by Guy Hanson, VP of Customer Engagement at Validity
According to research from the World Health Organisation, more than two billion people around the
world suffer from a vision impairment alone. Therefore, it is essential for brands to craft marketing
emails with these individuals in mind. Whether because it is a legal requirement, social pressure, or
a strong best practice, accessibility should be front of mind for all marketing professionals.
Additionally, there is a strong chance the business will lose sales revenue if accessibility is not
In today’s digital age, many consumers are accessing their emails through mobile phones or portable
devices such as smart speakers. Fortunately, society’s ever-growing reliance on technology has
resulted in more attention around accessibility than ever before. Therefore, many brands are
seeking effective tools and best practices which can be incorporated into email campaigns.
Important aspects to consider
There are a variety of best practices marketers can follow to enhance accessibility, such as using at
least a 14-point font, breaking dense paragraphs into bite-sized chunks, and using plenty of white
space within emails to ensure they stand out. This is particularly important in the US, where some of
these practices are legal requirements imposed by the Americans with Disabilities Act (ADA)
legislation. Essentially, all email templates should provide readers with an easily navigable structure
by using headings, paragraphs, and tags that make content easy to follow
It is also important for marketers to consider consumers who may need more guidance with calls to
action. For example, a button which simply says “click here” may not be meaningful to a person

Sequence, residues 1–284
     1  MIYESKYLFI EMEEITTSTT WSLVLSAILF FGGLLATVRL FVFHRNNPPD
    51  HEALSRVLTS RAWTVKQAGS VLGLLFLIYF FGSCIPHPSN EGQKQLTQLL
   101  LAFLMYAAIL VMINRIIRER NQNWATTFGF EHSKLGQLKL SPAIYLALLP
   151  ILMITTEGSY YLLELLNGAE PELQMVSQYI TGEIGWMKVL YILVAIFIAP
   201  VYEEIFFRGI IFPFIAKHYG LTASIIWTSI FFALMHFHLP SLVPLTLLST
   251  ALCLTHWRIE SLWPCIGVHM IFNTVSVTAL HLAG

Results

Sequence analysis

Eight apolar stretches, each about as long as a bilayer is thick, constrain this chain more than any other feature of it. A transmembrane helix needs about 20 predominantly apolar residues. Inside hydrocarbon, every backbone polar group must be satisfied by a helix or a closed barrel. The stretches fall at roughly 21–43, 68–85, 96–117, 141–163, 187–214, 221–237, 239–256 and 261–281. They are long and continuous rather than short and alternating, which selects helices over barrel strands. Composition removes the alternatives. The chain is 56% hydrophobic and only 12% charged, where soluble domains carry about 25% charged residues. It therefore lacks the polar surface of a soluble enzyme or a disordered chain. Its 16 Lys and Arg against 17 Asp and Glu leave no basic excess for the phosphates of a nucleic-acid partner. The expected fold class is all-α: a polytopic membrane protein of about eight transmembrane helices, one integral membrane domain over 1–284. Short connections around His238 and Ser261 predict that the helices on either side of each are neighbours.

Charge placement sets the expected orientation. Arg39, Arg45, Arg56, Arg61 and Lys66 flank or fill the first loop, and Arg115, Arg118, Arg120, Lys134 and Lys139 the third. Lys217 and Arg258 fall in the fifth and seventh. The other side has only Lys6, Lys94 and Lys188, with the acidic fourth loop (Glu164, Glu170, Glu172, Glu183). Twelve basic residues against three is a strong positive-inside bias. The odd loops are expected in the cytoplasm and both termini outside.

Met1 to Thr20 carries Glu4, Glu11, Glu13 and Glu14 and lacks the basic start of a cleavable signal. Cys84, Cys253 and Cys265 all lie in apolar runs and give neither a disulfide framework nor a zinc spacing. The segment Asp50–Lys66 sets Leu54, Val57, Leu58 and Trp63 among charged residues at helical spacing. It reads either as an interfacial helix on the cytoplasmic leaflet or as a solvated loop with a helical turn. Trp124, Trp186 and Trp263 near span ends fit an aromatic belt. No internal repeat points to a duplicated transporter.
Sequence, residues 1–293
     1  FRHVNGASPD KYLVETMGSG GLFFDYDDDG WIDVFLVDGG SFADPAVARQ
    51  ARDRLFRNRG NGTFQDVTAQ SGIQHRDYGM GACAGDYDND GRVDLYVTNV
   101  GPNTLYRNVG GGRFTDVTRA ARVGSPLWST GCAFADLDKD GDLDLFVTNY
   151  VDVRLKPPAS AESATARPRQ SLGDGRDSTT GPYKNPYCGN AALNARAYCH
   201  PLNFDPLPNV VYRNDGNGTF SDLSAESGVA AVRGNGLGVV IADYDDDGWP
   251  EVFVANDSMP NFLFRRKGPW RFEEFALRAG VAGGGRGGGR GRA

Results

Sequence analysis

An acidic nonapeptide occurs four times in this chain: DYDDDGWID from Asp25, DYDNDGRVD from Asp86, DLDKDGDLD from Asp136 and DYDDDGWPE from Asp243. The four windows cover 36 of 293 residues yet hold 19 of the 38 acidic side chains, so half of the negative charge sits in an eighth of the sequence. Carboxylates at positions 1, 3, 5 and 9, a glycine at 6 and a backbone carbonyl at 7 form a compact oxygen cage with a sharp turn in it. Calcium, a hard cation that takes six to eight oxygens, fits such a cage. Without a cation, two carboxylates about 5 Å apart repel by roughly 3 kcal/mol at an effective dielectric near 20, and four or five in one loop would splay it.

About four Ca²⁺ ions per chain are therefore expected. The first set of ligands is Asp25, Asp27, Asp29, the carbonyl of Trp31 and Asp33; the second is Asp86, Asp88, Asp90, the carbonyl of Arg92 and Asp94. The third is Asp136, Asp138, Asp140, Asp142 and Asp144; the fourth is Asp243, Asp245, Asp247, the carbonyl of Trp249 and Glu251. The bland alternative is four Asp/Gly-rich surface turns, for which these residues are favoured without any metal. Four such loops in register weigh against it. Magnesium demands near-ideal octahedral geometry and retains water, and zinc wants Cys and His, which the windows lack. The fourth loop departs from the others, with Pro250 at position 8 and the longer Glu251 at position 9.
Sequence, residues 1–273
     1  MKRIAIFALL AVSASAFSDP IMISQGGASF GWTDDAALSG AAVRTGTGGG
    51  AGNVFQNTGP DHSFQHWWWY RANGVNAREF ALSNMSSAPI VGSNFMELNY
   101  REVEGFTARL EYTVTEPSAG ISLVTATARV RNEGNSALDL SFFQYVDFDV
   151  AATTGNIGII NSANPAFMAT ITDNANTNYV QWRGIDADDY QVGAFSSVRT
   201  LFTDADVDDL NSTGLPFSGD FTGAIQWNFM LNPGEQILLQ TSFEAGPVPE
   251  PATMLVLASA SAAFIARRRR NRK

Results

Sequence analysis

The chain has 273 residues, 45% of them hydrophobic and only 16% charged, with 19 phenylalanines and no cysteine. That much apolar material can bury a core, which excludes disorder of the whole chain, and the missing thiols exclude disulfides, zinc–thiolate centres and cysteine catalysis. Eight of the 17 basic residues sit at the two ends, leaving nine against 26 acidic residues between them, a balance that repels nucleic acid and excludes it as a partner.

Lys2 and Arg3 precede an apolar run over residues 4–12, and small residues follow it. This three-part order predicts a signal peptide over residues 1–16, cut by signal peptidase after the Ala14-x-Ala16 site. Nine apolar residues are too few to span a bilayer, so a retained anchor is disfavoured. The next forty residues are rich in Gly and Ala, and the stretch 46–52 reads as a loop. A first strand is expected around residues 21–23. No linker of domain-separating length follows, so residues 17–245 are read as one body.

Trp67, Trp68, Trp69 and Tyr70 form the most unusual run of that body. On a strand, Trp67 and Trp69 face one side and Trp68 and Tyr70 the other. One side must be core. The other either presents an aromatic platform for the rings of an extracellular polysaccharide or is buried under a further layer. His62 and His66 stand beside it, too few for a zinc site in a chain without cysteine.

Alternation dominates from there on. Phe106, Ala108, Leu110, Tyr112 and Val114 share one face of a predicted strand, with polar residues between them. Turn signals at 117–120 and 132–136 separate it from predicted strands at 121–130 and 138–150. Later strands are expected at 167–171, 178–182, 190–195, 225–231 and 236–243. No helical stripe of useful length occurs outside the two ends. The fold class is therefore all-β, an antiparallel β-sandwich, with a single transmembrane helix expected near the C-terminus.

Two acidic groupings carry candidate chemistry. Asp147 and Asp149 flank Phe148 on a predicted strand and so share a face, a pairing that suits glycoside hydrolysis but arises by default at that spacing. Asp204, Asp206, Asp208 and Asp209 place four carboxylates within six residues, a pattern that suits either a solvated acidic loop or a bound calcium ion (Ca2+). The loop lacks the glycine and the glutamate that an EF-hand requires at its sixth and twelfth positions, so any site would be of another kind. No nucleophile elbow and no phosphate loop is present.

lacking full confidence in their ability to read email. Rather, senders could opt for buttons which say,
“explore Mother’s Day options” or “Donate now”, making next steps clear for the consumer. In
addition, brands should also try to avoid overloading messages with hyperlinks, make sure their
purpose is clear, and reinforce aspects which have already been covered within the copy.
Dark mode can significantly help those who suffer with photosensitivity, as it reduces eye strain.
Instead of the usual dark text against a light screen, dark mode displays a light colour text such as
white or grey against a dark or black screen. It is also particularly popular with dyslexic individuals,
who generally find this format easier to read. Senders can test if users have dark mode enabled on
their devices using a media query, and alter colours and text formatting, to show or hide content
appropriately. Dark mode is quickly gaining popularity, even among those who do not suffer with
Another crucial aspect to consider for optimal email accessibility is good colour contrast for all text
elements. Marketers should keep readers with astigmatism in mind, as these individuals might find
light text on a dark background blurry. They can design for this condition by using a semi-transparent
layer behind the text, which provides contrast for both light and dark backgrounds.
To make their programs more accessible, email marketers must first undergo a change of mindset. It
can be challenging to empathise with conditions that you do not personally struggle with, so
speaking to someone who does have a condition, such as dyslexia, is always a good place to start.
For example, a person dealing with dyslexia, could explain how full justified text is harder to read
because there is no obvious starting point.
Once senders have a better understanding, they can utilise a range of accessibility tools such as
design and content tools, which can help senders understand how their emails render across
multiple platforms and clients. Sophisticated technology such as predictive eye tracking can also help
marketers understand how subscribers navigate their emails.
In addition to this, they can use accelerated mobile pages (AMP), which enable marketers to embed
more web functionality directly into emails, making them easier to find, navigate, and use.
Embedding web functionality such as image carousels and interactive forms into emails makes
messages easier to navigate and engage with. These measures can also make subscribers more likely
Ultimately, implementing accessibility measures allows brands to craft messages that all customers
can read and digest. Many accessibility tactics overlap with established email best practices, so it is
not only impaired subscribers who benefit. With a smarter use of accessibility, brands can enhance
their reputation, amplify ethical positioning, and increase ROI from the email channel.